Another option is to try to insulate science from outside influences. Chile is currently considering demands for a dedicated research ministry to provide independent advice. The separation of science from commercial interests is at best a partial solution, though. Such state scientists might still be seen as subject to political influence and career considerations. At an international level, the Independent Panel on Climate Change was a bold attempt to create an independent group of scientists, but has had difficulty maintaining its credibility. Environmentalists may point to the big business connections of prominent climate change sceptics, but they in turn argue that environmental scientists stand to gain personally and professionally from magnifying the severity and urgency of the climate change issue.
Perhaps the single greatest contribution that can be made to increasing trust in science is to promote transparency and dispel the air of secrecy around scientific research. Scientists’ personal integrity is important, but not sufficient. Where government funds research, it is vital that it ensures that so far as possible, raw data is made publicly available – one of the key concerns about climategate having been apparent secrecy in this area. This openness should also extend into the commercial world. This may seem difficult when discoveries may represent valuable intellectual property are at stake, but GlaxoSmithKline has announced that it has “fundamentally changed its business model to become more open to sharing intellectual property and knowledge”. We are yet to see how far this promise is realised, but it is encouraging that GSK sees benefits from a more open, healthy science community in which data is shared so that knowledge and progress is maximised.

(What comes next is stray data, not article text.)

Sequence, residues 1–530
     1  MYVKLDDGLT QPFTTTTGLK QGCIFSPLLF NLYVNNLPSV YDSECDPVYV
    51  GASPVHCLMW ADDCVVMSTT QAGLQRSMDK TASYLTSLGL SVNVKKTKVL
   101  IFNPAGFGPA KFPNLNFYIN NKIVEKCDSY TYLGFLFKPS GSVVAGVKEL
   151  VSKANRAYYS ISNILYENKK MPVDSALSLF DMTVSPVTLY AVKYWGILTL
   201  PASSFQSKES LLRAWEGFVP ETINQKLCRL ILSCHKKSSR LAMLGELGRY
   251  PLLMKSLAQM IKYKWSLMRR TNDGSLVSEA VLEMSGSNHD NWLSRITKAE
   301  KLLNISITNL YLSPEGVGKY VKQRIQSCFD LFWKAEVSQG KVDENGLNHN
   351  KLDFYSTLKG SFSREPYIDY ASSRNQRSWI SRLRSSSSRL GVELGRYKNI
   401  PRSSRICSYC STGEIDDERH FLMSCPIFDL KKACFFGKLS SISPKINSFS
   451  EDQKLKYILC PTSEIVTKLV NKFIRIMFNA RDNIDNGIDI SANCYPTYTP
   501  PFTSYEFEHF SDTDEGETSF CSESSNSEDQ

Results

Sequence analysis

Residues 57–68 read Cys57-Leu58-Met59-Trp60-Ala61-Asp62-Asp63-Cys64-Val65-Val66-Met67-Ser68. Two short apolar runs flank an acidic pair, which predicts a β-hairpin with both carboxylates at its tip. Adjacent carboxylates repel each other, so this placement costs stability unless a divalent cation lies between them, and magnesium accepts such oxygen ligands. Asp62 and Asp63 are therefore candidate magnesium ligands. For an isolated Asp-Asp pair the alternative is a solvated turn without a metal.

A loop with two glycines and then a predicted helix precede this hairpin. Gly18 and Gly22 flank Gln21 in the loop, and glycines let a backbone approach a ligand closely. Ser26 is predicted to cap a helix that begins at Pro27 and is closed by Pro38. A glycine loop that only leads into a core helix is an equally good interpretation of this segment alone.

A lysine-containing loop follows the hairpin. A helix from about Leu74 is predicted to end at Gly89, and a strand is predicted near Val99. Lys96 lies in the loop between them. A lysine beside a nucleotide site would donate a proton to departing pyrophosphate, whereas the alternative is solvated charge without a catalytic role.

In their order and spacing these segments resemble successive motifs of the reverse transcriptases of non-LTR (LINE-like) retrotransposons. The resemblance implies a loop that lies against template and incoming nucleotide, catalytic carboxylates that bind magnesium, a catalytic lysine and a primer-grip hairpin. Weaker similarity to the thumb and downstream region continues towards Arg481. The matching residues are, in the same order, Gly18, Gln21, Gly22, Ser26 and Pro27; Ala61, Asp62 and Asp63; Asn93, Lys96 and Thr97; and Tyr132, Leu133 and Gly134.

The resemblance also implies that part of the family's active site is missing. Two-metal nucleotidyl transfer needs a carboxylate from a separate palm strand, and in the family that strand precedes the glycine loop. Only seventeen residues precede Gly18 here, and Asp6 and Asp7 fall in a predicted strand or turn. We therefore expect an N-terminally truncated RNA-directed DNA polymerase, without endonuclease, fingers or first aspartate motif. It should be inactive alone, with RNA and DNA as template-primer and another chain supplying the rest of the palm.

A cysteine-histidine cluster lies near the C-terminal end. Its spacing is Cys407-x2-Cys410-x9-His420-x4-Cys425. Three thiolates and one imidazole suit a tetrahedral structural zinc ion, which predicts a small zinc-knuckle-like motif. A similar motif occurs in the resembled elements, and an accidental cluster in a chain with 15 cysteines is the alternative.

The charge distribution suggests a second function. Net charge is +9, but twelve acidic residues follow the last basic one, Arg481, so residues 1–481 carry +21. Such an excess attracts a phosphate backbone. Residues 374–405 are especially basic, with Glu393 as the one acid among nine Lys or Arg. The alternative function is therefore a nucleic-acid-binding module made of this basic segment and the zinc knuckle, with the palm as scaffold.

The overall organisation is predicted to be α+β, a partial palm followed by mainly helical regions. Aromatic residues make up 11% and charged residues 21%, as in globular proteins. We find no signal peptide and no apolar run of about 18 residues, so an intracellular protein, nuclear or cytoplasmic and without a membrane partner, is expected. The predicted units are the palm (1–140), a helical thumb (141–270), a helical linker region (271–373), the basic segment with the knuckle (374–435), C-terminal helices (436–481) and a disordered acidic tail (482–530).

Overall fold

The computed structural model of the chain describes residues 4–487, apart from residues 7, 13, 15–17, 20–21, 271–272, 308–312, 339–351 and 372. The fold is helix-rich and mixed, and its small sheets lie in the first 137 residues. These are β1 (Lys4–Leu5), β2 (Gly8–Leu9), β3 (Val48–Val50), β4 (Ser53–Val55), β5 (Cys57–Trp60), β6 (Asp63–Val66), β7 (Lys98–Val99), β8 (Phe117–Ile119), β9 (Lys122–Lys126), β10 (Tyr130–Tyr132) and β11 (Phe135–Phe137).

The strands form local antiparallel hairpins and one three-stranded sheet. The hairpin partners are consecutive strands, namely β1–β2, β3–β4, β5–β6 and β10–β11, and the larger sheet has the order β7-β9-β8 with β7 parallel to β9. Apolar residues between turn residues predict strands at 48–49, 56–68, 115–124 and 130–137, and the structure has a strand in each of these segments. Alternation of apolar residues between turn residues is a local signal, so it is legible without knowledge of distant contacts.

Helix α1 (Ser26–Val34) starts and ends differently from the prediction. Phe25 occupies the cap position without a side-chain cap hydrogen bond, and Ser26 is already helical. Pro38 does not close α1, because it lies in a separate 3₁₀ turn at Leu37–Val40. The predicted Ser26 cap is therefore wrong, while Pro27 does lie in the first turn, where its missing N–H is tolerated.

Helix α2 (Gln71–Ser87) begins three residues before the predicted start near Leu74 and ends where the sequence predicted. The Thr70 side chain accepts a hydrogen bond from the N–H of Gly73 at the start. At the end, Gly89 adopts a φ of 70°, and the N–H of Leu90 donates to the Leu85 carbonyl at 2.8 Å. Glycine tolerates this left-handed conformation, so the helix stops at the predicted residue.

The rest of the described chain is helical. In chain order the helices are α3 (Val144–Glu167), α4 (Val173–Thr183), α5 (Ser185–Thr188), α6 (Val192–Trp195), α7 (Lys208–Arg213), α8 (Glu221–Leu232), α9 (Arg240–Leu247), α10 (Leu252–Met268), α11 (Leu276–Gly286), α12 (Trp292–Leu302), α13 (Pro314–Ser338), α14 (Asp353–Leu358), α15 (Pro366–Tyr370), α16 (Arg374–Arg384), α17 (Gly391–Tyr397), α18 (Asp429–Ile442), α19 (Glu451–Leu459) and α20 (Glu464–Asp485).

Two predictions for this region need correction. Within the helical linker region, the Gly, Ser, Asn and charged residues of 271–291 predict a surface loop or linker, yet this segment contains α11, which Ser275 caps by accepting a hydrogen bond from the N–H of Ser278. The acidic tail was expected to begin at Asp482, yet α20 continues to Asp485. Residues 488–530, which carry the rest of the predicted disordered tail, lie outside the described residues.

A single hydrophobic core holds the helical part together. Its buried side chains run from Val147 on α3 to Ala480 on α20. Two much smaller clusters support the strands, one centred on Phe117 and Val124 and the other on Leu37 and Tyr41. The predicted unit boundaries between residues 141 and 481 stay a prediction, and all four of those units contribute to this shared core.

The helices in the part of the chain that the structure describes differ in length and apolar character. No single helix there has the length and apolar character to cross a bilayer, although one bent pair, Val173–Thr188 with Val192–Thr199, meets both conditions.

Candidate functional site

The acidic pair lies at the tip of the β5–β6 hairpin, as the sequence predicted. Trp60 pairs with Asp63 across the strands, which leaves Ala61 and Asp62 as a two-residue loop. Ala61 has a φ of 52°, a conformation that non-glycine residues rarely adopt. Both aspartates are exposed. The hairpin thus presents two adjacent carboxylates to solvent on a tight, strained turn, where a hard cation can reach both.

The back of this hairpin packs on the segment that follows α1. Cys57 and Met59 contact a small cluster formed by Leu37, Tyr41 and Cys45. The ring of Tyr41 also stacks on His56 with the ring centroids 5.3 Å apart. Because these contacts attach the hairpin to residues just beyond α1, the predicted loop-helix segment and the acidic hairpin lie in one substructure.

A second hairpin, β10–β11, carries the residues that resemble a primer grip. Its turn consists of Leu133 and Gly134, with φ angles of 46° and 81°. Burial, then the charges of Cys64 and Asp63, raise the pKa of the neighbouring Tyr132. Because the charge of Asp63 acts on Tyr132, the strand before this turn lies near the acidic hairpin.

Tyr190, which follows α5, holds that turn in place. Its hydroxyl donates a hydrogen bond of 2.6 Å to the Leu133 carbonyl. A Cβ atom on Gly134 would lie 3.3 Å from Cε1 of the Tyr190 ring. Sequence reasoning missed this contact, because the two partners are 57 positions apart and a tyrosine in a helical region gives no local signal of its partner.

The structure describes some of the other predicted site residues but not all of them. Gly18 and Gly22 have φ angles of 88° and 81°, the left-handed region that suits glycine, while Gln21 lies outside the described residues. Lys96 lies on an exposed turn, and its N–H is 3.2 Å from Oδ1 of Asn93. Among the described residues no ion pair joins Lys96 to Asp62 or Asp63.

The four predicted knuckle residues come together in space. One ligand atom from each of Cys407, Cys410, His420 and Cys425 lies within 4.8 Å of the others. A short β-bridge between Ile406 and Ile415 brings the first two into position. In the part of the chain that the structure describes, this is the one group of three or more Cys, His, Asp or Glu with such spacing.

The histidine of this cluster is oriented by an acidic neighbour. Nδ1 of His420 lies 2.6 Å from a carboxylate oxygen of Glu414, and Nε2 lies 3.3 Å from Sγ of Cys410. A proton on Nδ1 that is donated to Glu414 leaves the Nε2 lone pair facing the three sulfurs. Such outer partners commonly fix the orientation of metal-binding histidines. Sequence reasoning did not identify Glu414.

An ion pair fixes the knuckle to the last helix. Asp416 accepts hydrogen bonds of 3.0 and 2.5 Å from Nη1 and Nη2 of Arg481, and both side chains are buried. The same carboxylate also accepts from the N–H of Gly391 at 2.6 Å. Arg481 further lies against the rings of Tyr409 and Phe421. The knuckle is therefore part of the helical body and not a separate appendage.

The discoveries science has delivered in the last two centuries have been extraordinary, transformative – and the pace of discovery is accelerating. It is therefore critical that we make best use of scientific findings within the policy making process.
For science to play the lead role in helping us tackle our environmental issues, scientists must first recognise the challenge of demonstrably putting their house in order. Scientists and those interpreting their findings will always be human and fallible. However, if we can ensure that the process scientists operate is rigorous and independent we can minimise any individual bias and make sure scientific findings deserve the respect of the public and policy makers. If they succeed, we will all benefit from policy decisions based more on maths than myths.